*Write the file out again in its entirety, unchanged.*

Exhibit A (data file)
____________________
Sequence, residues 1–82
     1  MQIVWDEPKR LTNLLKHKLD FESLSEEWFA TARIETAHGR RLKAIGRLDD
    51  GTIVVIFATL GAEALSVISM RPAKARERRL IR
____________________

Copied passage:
Sequence, residues 1–82
     1  MQIVWDEPKR LTNLLKHKLD FESLSEEWFA TARIETAHGR RLKAIGRLDD
    51  GTIVVIFATL GAEALSVISM RPAKARERRL IR